Amplified DDoS Attacks Increasingly Use Network Time Service
Attackers abused a feature of the network time protocol to flood networks with hundreds of gigabits per second of data, a situation which is happening with increasing frequency, according to DOS mitigation firm Prolexic.Massive distributed denial-of-service (DDoS) attacks have become more popular with cyber-criminals and hacktivists, especially those attacks that use a vulnerability in the network time protocol (NTP) to produce overwhelming floods of data, according to DDoS mitigation firm Prolexic. In an advisory released on March 12, the company warned that attacks using vulnerable NTP servers have almost quadrupled in the last month. Such attacks can amplify the bandwidth of a simple NTP request by more than 300 times, producing a massive spike in traffic, according to an alert issued on March 12 by Prolexic, which was acquired last month by Internet-infrastructure firm Akamai. While other types of amplification attacks exist, including those that use the domain name service (DNS) protocol, NTP amplification attacks are simple and deliver the largest spike in traffic and can be implemented simply. Attacks using NTP started appearing at the end of 2013 and dramatically accelerated this year. "It is the convergence of what [is] old is new again with the evolution of DDoS-as-a-service," Stuart Scholly, general manager for security at Akamai Technologies, told eWEEK. "You can go to these service sites and pay nominal dollars as a nontechnical person and generate pretty substantial attack sizes."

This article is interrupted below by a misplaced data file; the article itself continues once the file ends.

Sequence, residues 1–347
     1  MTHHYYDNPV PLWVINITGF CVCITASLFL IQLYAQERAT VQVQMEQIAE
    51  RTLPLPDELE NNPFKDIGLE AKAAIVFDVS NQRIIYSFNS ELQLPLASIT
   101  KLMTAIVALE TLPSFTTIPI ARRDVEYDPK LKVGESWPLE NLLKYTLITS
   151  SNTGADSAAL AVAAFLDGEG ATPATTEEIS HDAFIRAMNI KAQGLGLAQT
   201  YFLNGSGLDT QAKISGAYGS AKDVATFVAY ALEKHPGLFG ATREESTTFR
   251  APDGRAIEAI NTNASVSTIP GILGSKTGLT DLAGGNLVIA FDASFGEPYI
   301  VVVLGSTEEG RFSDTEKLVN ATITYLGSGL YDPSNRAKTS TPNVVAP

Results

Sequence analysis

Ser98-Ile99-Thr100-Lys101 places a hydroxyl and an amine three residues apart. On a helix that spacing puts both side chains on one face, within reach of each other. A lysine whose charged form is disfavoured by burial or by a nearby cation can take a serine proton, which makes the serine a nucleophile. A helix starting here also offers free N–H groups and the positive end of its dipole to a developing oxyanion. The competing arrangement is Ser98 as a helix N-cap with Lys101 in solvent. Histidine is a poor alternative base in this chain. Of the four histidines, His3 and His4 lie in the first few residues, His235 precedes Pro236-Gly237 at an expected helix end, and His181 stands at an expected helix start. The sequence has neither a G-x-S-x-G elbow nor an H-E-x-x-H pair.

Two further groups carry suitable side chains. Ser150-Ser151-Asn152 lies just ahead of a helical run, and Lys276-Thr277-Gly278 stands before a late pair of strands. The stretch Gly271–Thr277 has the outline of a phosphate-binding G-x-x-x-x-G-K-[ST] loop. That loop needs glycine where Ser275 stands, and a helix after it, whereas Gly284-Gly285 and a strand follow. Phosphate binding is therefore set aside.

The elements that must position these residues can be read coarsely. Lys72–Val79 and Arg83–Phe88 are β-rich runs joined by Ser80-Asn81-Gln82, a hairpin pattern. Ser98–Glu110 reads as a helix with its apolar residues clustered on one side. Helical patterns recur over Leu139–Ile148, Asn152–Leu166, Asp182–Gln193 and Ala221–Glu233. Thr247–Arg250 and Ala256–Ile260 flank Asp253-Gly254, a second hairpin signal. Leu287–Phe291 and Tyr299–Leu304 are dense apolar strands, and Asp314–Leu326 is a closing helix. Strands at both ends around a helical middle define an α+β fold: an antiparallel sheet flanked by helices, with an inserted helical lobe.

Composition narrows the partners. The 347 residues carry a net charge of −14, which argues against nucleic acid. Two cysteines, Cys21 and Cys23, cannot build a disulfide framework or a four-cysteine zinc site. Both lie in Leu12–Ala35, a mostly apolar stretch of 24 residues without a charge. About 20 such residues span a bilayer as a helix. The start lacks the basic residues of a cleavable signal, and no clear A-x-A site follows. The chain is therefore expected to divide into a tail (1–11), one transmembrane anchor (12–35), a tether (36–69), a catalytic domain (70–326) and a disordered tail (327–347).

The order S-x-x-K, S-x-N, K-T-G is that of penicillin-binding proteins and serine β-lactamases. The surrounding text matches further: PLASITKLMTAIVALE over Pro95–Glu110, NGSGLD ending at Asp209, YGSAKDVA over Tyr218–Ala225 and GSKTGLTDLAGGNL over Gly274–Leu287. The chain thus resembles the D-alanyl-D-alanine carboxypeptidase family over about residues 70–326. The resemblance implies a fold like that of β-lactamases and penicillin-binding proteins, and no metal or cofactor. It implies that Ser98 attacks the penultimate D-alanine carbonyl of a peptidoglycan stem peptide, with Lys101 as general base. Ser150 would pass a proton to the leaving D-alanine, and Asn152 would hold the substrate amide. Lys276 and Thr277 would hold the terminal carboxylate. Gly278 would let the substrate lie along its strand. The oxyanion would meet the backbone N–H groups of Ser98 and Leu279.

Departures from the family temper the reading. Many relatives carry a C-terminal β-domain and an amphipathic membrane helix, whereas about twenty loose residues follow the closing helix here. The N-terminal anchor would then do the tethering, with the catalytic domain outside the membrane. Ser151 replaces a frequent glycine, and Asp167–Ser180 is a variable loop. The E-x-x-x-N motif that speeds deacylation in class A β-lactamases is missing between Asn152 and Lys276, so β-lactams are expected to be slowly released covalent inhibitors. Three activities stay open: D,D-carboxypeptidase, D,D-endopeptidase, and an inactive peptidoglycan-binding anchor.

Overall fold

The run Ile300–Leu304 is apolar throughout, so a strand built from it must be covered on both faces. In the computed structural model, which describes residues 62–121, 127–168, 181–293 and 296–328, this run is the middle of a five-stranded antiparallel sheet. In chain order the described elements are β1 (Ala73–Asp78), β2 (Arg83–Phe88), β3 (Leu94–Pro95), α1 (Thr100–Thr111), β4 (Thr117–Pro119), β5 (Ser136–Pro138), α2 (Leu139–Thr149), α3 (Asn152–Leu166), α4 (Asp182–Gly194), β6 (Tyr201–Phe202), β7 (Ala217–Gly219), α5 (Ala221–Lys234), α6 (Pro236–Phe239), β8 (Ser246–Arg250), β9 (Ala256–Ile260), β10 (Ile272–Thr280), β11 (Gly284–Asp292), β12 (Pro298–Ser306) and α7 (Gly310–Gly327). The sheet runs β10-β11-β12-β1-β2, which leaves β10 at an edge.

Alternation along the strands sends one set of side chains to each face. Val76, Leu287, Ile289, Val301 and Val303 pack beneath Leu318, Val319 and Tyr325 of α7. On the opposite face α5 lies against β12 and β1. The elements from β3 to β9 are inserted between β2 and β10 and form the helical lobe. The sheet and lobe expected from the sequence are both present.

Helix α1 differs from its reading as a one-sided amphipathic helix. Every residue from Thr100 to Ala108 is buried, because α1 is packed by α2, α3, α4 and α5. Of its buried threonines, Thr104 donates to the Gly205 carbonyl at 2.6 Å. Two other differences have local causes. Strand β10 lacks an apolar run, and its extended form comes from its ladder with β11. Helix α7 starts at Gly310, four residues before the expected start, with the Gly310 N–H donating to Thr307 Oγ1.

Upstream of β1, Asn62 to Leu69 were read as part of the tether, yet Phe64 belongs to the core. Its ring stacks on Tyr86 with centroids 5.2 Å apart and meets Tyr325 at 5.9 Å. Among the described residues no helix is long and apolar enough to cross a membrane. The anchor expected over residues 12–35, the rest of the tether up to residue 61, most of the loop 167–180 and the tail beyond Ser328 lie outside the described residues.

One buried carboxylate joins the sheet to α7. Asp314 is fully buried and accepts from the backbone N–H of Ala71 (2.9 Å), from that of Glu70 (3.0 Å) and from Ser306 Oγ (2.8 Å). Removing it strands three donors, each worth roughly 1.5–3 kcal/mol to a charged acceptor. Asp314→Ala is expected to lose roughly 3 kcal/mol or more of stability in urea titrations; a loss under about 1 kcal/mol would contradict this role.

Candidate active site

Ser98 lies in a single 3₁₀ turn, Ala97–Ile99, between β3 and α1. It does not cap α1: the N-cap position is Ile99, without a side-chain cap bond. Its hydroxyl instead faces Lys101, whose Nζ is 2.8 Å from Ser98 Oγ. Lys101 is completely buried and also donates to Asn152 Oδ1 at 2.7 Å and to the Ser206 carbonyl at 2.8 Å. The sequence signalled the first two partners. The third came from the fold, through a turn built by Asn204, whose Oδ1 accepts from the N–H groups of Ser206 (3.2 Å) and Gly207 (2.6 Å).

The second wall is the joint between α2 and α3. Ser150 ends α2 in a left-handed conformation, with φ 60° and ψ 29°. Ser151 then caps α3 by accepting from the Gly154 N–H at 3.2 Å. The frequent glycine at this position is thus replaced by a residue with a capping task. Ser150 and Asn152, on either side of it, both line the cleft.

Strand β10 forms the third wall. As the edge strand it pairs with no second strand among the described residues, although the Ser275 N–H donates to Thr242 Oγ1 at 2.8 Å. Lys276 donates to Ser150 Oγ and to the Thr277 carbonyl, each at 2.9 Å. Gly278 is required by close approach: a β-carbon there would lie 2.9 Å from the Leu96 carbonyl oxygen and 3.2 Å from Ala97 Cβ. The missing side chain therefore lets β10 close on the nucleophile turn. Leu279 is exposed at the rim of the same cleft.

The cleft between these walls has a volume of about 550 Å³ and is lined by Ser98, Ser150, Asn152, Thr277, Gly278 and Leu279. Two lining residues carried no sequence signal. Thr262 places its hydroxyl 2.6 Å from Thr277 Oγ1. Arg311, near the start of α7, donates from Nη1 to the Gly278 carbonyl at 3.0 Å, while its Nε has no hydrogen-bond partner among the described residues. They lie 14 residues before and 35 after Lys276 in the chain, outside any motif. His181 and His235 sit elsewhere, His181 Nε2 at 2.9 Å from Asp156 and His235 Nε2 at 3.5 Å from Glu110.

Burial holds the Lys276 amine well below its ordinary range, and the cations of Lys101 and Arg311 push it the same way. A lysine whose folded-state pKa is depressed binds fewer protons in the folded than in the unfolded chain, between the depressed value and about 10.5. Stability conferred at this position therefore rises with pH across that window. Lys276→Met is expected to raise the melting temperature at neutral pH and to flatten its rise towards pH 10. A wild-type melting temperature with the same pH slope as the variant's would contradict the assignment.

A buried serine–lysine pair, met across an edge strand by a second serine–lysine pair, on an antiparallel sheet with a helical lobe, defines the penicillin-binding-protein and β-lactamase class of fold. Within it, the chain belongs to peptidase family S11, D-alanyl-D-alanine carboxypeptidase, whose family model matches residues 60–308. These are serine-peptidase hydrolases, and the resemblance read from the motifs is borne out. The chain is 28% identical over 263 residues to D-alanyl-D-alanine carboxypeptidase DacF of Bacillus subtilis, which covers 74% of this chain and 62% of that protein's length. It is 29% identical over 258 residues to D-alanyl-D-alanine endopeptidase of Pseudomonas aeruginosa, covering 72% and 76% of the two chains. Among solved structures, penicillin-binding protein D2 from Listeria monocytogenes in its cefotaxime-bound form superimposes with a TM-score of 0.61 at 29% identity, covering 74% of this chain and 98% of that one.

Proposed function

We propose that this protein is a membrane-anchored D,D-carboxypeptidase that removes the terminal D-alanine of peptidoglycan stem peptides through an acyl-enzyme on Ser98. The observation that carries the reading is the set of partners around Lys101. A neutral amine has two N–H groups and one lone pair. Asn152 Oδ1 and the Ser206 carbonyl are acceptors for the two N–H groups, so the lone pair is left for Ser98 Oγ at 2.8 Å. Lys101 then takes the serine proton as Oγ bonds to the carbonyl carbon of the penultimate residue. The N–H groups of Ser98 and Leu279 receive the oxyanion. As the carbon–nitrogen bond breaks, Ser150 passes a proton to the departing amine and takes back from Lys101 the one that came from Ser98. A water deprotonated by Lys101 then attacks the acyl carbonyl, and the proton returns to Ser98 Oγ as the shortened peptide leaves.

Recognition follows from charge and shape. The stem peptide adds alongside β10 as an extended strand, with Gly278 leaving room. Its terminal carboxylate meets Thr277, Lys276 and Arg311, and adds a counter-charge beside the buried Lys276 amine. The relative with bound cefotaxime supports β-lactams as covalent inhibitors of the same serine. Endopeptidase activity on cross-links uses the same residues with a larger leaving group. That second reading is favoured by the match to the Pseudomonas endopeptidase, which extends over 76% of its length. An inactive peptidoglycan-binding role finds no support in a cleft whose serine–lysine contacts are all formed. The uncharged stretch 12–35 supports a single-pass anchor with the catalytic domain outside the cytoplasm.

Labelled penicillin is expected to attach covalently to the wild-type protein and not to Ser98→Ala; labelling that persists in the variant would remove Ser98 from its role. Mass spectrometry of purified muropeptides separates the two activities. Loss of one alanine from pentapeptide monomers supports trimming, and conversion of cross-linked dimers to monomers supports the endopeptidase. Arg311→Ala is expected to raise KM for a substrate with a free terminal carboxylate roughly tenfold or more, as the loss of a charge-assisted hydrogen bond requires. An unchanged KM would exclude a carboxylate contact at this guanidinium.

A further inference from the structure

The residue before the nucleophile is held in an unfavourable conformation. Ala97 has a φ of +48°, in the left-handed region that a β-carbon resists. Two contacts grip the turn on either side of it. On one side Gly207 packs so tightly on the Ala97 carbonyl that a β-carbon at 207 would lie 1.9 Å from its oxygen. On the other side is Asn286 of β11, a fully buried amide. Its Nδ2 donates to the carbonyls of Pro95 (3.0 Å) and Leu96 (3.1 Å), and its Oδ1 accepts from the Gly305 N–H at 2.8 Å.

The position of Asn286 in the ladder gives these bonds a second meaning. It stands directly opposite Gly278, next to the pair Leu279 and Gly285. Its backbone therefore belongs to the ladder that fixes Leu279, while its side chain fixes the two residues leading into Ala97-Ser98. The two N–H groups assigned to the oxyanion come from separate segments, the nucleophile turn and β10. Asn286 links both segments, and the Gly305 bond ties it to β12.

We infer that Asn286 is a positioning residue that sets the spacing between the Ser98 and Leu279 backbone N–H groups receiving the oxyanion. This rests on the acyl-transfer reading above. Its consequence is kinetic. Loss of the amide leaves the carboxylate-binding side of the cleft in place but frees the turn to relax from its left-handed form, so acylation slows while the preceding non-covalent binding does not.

By asking a NTP server for a list previous requesters and spoofing the source address of the request to point to the victim, an attacker could overwhelm a victim's network with a flood of data, according to the firms.